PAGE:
• If water levels rise to the point that safe entry to your property or business will be compromised, it is time to evacuate.

  • Flash Flooding can occur. Leave while it is still safe.

  • Check your Evacuation List and bring your Evacuation Kit.

  • Turn off main power, gas and water.

  • Check on neighbours and leave a note informing others you have evacuated.


  • Electrocution Risk Is HIGH

    • Avoid fallen overhead lines and entering flooded buildings if you are unsure of the power situation, as the water may carry an electrical charge.

    • DO NOT connect a portable generator to your home electrical systems without a proper transfer switch. You can back-feed the systems and cause floodwater to be electrified!

  • Land and roads can become unstable when saturated.

  • Flood water can sweep away people and cars - do not wade or drive through water if you are unsure of the depth or if above 10 cm.




  • If evacuation is not necessary continue sandbagging your property as needed.

  • Due to the continued impact of Covid-19 volunteers may not be available in the same capacity as in past years. Call 311 or visit the City of Ottawa website for details as they will be your primary source of supplies and instructions if a major flood event occurs.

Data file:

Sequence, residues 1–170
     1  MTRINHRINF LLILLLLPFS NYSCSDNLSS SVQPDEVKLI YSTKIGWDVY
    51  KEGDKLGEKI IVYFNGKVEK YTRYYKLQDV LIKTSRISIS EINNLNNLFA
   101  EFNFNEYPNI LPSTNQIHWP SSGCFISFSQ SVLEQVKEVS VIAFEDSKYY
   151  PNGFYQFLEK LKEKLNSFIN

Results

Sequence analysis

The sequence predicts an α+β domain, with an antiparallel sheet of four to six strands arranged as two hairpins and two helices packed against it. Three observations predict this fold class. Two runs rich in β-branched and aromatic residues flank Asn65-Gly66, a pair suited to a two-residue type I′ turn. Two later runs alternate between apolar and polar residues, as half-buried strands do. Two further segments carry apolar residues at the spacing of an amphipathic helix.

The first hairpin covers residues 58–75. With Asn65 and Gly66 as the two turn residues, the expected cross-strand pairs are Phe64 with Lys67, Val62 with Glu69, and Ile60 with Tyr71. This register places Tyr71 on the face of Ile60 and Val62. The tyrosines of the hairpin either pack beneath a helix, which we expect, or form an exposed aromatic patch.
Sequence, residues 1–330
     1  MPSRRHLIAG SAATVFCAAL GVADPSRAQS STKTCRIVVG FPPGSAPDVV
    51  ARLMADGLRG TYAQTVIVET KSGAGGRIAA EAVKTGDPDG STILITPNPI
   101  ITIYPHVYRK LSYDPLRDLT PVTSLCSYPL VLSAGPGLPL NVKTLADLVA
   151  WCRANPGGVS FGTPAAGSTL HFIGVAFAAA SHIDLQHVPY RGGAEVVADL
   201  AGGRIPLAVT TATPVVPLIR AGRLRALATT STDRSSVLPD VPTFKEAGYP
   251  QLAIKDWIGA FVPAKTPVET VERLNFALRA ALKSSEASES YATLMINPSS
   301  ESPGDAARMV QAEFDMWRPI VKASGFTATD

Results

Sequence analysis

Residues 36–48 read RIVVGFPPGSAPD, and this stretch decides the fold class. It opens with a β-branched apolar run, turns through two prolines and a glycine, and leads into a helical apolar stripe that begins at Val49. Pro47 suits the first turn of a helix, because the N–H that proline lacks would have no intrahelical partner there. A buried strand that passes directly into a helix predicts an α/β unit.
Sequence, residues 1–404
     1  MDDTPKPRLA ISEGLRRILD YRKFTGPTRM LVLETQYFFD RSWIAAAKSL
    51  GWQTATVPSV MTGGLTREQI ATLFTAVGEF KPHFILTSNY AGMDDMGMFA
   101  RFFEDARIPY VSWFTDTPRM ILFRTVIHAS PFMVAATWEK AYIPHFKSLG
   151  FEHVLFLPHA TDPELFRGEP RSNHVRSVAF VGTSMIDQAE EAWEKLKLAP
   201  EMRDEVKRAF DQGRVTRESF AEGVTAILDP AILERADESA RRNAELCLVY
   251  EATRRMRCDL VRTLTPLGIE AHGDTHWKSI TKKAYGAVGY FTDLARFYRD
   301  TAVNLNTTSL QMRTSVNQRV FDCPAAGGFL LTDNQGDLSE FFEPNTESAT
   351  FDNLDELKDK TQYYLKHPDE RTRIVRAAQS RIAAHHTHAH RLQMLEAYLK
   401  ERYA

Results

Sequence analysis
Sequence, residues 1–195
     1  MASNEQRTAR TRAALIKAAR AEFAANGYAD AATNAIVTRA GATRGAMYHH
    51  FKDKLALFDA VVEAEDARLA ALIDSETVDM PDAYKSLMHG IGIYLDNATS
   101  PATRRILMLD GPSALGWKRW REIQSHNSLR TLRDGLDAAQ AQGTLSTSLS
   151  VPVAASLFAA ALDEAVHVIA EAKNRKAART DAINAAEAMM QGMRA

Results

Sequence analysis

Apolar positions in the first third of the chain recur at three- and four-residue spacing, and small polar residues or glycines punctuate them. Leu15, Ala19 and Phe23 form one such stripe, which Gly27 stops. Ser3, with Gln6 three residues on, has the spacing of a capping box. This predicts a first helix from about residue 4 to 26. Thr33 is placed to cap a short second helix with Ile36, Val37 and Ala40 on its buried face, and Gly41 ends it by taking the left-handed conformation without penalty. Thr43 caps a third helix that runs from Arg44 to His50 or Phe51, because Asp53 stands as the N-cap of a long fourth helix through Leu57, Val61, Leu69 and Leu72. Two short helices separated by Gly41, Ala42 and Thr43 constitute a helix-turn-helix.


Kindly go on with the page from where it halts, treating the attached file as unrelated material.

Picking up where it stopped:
• If groundwater is high do not empty your septic tank, tanks can float in water and emptying your tank can cause the tank to rise and connections to be damaged. 



  • Listen or watch local media including social media and the WCDR website for information on when it is safe to return.

  • Do not sleep in your home if there are hazards present.

  • Ensure the sump pump is in working order.


  • Flood Water carries with it various chemical and biological contaminants.

    • DO NOT DRINK WELL WATER until it has been tested.

      • Well water testing kits are available at these locations

  • Use proper protective equipment when entering floodwater or moving/cleaning flood-damaged materials.

  • Land and roads may have been weakened from water saturation:- use caution

  • Electrical & Gas - contact a licensed contractor if water reached any electrical or gas equipment before you turn on power or gas. For further information contact: